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Brexit talks in “state of deadlock” over money

There’s a deadlock over money in Brexit talks. The UK government isn’t ready to make specific commitments on the financial settlement and the EU isn’t ready to progress talks until it has.


Nearly seven months on from the prime minister’s letter triggering Article 50, Brexit talks have stalled. At the end of the fifth round of Brexit talks, the EU’s chief Brexit negotiator Michel Barnier made clear today that talks over the financial settlement were in “a state of deadlock”. He added the little progress made here is “very disturbing”.

Speaking at a joint press conference with Brexit secretary David Davis, Barnier said that whilst they had clarified some points, they had not made great progress. As such, he said he would not be telling EU leaders at the upcoming European council summit that “sufficient progress” has been made. And he would not be recommending talks move on to future relationship issues including transition arrangements. However, in a more optimistic note, Barnier said he remained convinced that, with political will on both sides, “decisive progress” can be made in the next two months.

Financial settlement

On the financial settlement, Davis indicated the UK was holding back on making specific commitments. He said progress had been made through a “rigorous examination of the technical detail”. However, the Brexit secretary added: “This is not a process of agreeing specific commitments – we have been clear this can only come later.”

It’s clear that it is this particular issue the EU and UK are in deadlock over with the UK government not yet ready to make decisions, which the EU is waiting for.

Citizens’ rights

On citizens’ rights, Davis reassured EU citizens in the UK their rights and status post-Brexit will be enshrined in UK law. He said the administrative process for EU citizens applying for ‘settled status’ will be new, streamlined and at a low-cost. Davis added there would be a simple process for those who have already applied for permanent residency to exchange it for the new status. And perhaps in reference to errors made by the Home Office highlighted in the media, he said: “We will also make sure that citizens rights of review of – and redress for – any errors will be quick, accessible and fair.”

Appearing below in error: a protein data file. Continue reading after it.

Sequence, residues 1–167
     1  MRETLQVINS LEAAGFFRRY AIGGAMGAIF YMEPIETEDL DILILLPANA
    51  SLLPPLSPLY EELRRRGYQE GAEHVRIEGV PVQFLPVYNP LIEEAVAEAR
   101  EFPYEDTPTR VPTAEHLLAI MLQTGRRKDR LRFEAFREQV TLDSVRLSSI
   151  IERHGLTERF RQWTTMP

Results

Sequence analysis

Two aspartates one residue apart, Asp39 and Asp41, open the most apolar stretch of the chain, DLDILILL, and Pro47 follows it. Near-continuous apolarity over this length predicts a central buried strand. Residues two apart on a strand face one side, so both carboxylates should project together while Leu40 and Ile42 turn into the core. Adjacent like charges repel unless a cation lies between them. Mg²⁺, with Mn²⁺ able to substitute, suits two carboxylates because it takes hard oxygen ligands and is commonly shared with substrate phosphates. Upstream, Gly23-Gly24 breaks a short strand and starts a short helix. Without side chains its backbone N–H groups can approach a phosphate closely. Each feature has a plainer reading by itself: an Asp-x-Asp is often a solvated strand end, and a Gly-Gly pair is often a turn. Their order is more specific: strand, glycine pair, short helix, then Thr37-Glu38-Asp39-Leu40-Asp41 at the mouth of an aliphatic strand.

But today I can confirm that we want to reassure those European citizens living in the UK that their rights and status will be enshrined in UK law by the Withdrawal Agreement.

And yes, there will be a registration process but the administration process will be completely new. It will be streamlined, and it will be low cost.

And in addition to that any EU citizen in the UK already in possession of a permanent residence card will be able to exchange it simply for settled status in a simple way. They will not have to go through the full application process again.

David Davis, Brexit secretary

A few sticking points over citizens’ rights remain such as the right to export benefits, the right to bring in future family members and the right of free movement across the EU for Brits living in an EU country.

Irish border

On the Irish border, which is the third key withdrawal issue, progress had been made over the continuation of the Common Travel Area. Both sides also reiterated their commitment to protecting the Good Friday Agreement. But there seemed little progress made over how the border would work.

Later in the press conference a reporter noted that elements of the Good Friday Agreement are predicated on the UK being in the single market and customs union. The reporter asked how Davis planned to protect the Good Friday Agreement given the UK’s plans to leave the two institutions. Davis said they would “move heaven and earth” to protect the Good Friday Agreement. It would be interesting if this included the UK staying in the single market and customs union…

What next?

EU leaders are due to make a decision over whether Brexit talks can progress to future relationship issues at a council summit on 19 and 20 October. As the Telegraph’s James Rothwell notes, it’s now a waiting game to see if EU leaders agree to loosen Barnier’s mandate.

You can see Davis’ full opening statement from the press conference at gov.uk. And you can find Barnier’s full opening statement at europa.eu.

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